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U of M community weighs in on Women's History Month

As Women’s History Month rolls back around, the question arises: in today’s feminist era, is the month even still relevant or needed? 

The Daily Helmsman spoke to a history professor, gender studies professor and University of Memphis students to see what they think. 

“We are half of the population, yet you have to actively seek out our history,” said historian and U of M history professor Dr. Cookie Woolner. 

Before this establishment in 1987, women had a day to celebrate their gender, which later became a week long celebration. This day celebration would become the first official week in March for feminist acknowledgment. 

Internationally, Women’s History Day is celebrated on March 8th. Immigrants and working class women brought the tradition into the states in the early 1900’s. Women’s History Week however, didn’t occur until 1978, in Sonoma County, California. 

Until that point, women were rarely discussed in the classroom. This was likely because in recorded history, women occupy only 0.5% of that space when compared to their male counterparts. The Education Task Force of the county declared the week, starting on March 8, as Women’s History Week. Teachers prepared special presentations and held essay contents for students. 

By 1987, after much campaigning from the National Women’s History Project, March was officially declared Women’s History Month by the U.S. Congress. 

According to Dr. Woolner, when we think of history, we typically think of presidents and others in positions of power, which typically are men. Many also think of major historical events. What we don’t often see, or study, is how the average person lived in that society or how they might have affected history. 

This, of course, includes women. 

“Not only is there a level of oppression evident in that historical movement, but also women’s participation in some of the most recognizable historical events are often downplayed or erased altogether,” said gender studies professor Elizabeth Grace Allen in an email exchange. “An excellent example of that is the way Black women’s role in advancing the early ways of the feminist movement in America is almost completely erased from our textbook retelling of those events.”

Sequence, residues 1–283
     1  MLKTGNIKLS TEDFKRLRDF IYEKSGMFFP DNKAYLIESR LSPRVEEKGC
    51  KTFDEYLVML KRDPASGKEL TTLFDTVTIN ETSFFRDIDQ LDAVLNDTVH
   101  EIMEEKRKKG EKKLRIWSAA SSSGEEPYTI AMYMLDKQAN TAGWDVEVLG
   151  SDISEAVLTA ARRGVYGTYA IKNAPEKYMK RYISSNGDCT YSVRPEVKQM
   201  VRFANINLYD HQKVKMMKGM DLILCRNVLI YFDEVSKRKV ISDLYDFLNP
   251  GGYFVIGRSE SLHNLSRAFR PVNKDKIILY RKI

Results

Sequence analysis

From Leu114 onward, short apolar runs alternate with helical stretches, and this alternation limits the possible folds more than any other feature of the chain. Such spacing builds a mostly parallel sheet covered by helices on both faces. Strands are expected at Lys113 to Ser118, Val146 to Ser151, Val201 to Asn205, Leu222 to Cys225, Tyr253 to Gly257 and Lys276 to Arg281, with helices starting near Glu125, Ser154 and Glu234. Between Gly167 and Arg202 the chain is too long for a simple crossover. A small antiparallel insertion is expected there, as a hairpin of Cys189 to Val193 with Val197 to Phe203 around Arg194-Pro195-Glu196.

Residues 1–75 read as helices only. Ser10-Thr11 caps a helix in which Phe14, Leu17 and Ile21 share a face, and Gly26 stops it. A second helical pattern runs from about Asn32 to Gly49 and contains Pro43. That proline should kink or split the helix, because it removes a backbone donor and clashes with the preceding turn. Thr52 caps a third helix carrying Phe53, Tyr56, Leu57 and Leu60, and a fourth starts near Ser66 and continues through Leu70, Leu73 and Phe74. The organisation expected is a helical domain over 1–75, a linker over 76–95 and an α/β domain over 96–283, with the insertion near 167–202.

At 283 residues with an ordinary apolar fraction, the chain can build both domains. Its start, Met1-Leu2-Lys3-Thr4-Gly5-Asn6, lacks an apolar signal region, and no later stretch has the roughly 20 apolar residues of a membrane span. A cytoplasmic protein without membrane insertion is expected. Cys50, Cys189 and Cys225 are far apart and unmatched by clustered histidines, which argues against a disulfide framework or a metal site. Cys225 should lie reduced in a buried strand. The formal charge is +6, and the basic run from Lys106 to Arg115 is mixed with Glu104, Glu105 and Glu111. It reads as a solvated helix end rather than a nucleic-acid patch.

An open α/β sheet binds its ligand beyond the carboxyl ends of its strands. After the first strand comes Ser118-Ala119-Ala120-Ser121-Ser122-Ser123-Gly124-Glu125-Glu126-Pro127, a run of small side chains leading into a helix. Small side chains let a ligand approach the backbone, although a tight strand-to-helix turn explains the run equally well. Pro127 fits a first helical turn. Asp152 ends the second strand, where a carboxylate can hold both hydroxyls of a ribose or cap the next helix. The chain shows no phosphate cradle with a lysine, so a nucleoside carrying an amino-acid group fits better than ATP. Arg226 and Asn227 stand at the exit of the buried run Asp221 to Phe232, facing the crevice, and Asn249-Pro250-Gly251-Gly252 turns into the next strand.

However, it is not enough to say women were erased from the narrative. According to historian Dr. Woolner, there have been many different types of women throughout history. Professor Allen, a gender studies professor, says that we have to examine these differences, race, economics, sexuality, etc. to view how their role in history was downplayed. 

If we do not, then we risk erasing even more women. 

Professor Allen originally wanted to go into gender studies because she wanted to learn about ideologies that challenged the status quo. As she got further into her degree, she realized she had other reasons for studying gender. 

“There are so many disparities when it comes to gender and everything is connected to gender: it’s important that we all examine how those got there, so we can work at chipping them away,” Allen said. 

But in today’s time and age, is Women’s History Month still important? In a poll, conducted on Instagram, 67% said that the month was important, 8% said it wasn’t, and 25% said they didn’t hold an opinion. 

So, it would seem that, at least for now, the majority and the experts and students deem the month important to study and learn about. 

“I hope you take the time to appreciate and value the women in your life," Woolner said.

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